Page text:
An advantage of this design is that it places the centre of gravity directly over the centre of the tripod, and quite low, making for a more stable setup.
Portable English Mount
The English Mount was a very large Victorian design suited to permanent observatories. The Portable English Mount (PEM), the scaled-down version from UK companies Astromount and AWR, holds great promise.
The load capacity is in excess of 50kg and, due to the popularity and interest in the mount, a mini-PEM with a capacity of up to 25kg is in development.
Camera tracking mounts
These mounts are extremely lightweight and small; essentially, they are miniaturised EQ mounts.
With a load range encompassing anything from DSLRs up to small telescopes they have revolutionised travel astronomy, being ideal for solar eclipse and wide-field, deep-sky photography anywhere in the world.
As they are compact and run on batteries, they are great grab-and-go systems.
Make sure your mount fits your telescope
If you’re buying a telescope and mount separately, you’ll need to think about how the two fit together.
Most telescopes are connected to a mount via a set of fabric-lined metal rings that hold the telescope tube, called ‘tube rings’.
The rings are usually connected to a metal bar – known as a ‘dovetail bar’ due to the shape of its profile – via a set of bolts.
This dovetail bar then sits in a channel with a matching profile on a mounting plate – sometimes referred to as a saddle or clamp – at the top of the mount head.
One or two bolts, typically with large handles, are used to secure the bar tightly into the channel, so the telescope cannot move or slip.
The profiles of mounting plates and dovetail bars are not universal, however, so check which type your telescope has.
It’s also worth noting that sometimes control knobs, locking bolts and the bolts used to secure a dovetail bar to the mount head can all look and feel similar in the dark.
Make sure you’re absolutely familiar with which is which before you adjust or loosen anything. The last thing you want is your telescope violently swinging around or, worse, crashing to the ground.
Go-To mounts explained
Go-To mounts are fully motorised and controlled with a small, computerised handset.
Typically, Go-To mounts need to be calibrated before use and the calibration procedure often varies between brands and models, so it’s worth checking out exactly what routine is required before you invest in one.
Generally it starts with setting up the mount in a certain orientation: for example, with the polar axis pointing north.
Once it’s powered up, the mount will usually ask for the date and time, then turn the telescope to point at several stars, each of which you’ll have to centre in the eyepiece.
Once that’s been done, the mount will ‘know’ where it’s pointing and can then be directed towards any of the celestial objects in the handset’s database, which can number in their thousands.
With so much to take in, choosing the right mount can involve a fair bit of thought. If you’re overwhelmed, we recommend speaking to experienced astronomers and reputable suppliers about your possible options.
One thing you can be sure of though is that any effort you put in at this stage will be worth it. A bit of research now should ensure you get off to a solid start when you take your first steps into the world of astronomy.
Read our guide on how to set up an altaz Go-To mount.
How to choose your first telescope mount
When choosing your first telescope mount, there are a few things you need to consider before making that all important purchase. One of the best things you can do is ask more experienced amateur astronomers their advice.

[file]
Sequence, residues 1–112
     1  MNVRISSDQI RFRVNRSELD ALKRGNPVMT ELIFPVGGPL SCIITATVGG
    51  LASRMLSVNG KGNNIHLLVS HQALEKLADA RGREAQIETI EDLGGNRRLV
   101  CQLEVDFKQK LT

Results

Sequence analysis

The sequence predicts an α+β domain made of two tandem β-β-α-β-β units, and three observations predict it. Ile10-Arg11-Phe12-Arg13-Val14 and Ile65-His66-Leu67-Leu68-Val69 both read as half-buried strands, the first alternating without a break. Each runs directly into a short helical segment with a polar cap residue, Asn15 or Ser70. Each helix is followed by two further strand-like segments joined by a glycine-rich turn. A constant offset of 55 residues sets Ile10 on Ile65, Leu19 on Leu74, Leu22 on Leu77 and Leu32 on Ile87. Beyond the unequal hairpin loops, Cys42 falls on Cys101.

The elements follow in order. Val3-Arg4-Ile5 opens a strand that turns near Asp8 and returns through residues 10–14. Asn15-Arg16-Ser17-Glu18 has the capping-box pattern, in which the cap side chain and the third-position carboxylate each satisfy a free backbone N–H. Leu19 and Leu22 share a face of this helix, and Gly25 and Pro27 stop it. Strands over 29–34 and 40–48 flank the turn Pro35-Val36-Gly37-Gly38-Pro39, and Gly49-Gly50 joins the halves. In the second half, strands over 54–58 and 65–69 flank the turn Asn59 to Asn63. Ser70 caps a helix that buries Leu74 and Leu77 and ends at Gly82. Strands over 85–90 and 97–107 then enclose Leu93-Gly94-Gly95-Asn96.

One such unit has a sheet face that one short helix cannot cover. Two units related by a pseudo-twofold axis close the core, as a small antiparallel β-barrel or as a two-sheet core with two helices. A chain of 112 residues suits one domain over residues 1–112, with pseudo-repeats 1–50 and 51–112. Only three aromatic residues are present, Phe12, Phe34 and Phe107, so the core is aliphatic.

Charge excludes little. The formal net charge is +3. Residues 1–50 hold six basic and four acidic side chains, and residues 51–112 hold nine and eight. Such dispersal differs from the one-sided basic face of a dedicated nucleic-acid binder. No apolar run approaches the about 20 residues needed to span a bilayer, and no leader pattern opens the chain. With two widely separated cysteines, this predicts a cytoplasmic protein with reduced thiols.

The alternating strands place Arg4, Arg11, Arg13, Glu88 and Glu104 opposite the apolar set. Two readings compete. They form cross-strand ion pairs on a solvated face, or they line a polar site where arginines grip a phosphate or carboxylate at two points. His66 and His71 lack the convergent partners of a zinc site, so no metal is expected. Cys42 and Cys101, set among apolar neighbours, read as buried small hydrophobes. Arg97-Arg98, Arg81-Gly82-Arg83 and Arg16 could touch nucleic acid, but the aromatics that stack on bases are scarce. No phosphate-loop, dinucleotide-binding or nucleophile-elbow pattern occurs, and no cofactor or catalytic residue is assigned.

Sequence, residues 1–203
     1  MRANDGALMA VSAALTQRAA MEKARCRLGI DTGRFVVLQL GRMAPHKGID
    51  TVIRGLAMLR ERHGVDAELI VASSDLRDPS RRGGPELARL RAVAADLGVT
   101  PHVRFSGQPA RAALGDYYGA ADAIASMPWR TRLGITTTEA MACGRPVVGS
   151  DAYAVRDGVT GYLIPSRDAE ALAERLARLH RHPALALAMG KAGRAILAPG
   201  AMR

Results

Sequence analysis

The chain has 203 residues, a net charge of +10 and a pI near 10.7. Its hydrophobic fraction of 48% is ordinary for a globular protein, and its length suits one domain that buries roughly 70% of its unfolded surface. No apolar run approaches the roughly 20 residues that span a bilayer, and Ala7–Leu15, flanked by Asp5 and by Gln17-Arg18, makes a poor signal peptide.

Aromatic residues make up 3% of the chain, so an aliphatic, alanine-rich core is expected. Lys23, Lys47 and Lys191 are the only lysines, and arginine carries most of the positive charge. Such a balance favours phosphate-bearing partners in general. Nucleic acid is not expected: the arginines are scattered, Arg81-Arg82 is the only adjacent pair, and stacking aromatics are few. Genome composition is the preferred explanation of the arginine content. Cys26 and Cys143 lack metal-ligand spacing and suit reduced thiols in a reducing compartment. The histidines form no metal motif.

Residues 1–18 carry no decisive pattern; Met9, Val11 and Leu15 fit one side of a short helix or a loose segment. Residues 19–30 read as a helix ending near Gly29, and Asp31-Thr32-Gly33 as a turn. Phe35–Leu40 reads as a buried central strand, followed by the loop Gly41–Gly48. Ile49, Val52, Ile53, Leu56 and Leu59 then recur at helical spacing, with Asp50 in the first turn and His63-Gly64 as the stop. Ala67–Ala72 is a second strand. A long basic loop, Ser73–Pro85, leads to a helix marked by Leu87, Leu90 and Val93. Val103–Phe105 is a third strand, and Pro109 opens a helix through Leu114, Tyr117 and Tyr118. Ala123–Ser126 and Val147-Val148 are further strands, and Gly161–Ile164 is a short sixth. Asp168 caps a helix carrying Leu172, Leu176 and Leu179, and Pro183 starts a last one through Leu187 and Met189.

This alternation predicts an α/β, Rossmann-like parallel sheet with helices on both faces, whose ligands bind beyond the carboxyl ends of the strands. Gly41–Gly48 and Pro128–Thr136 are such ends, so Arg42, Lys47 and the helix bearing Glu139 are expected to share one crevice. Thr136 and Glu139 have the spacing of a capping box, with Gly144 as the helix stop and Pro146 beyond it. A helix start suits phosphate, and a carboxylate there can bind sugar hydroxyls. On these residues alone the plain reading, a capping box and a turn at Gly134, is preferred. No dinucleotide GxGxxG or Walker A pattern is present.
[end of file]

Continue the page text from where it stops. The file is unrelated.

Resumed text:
Are you a member of an astronomical society? If not, can you get in touch with your local section?
How portable does your mount need to be?
Consider where you’ll be using the mount most. If you’re going to be travelling to a dark-sky site you may find that lugging around a large equatorial mount will become tiresome.
A smaller, portable tracking mount or a lightweight altaz setup could be more in line with your requirements, especially if you aren’t up to lifting heavy loads. You may also wish to think about a good travel telescope.
What sort of observing will you be doing?
Your choice of night-sky target may have a bearing on what type of mount you opt for. If you intend to do solely visual observing of faint objects, it’s probably better to opt for a simpler, less expensive, mount design and spend any money you save on bigger or better optics.
For example, you may go for a non-motorised altaz mount or Dobsonian telescope (with its simple, integrated mount) rather than a higher-end Go-To equatorial mount.
Have you future-proofed yourself?
Consider what you might want to try in the future. For example, can the mount be easily adapted for astrophotography? And if you upgrade your telescope, would the mount be capable of carrying the new one safely?
How to polar align an equatorial mount
Orientate the tripod and mount head
First, set up the tripod; one of its legs may be marked to indicate that it should be pointing north. Attach the mount head securely to the tripod, making sure to place it in the starting configuration advised by the manufacturer – for example, with the polar axis pointing north.
Set the polar axis
Next, check that the altitude of the polar axis is set to your latitude – that is, that the axis (the blue arrow and line above) is pointing towards the North Celestial Pole. If it’s not, this can usually be done by carefully tweaking the altitude adjustment knob located at the base of the mount head.
Orientate the polarscope’s reticule
The polarscope reticule now has to be set to its starting orientation, if it’s not already. Your mount’s manual will tell you what this is and how to do it. On some mounts, for example, it’s done by carefully rotating the polar axis until the reticule points in a certain direction.
Place Polaris in the reticule
There are some more convoluted ways to do this final step, but probably the easiest method for beginners is to download a polarscope smartphone app. It’ll tell you how much you need to rotate the polar axis, if at all, and exactly where to place Polaris in the reticule.
Will Gater is an astronomy journalist and science presenter. This guide originally appeared in the February 2020 issue of BBC Sky at Night Magazine.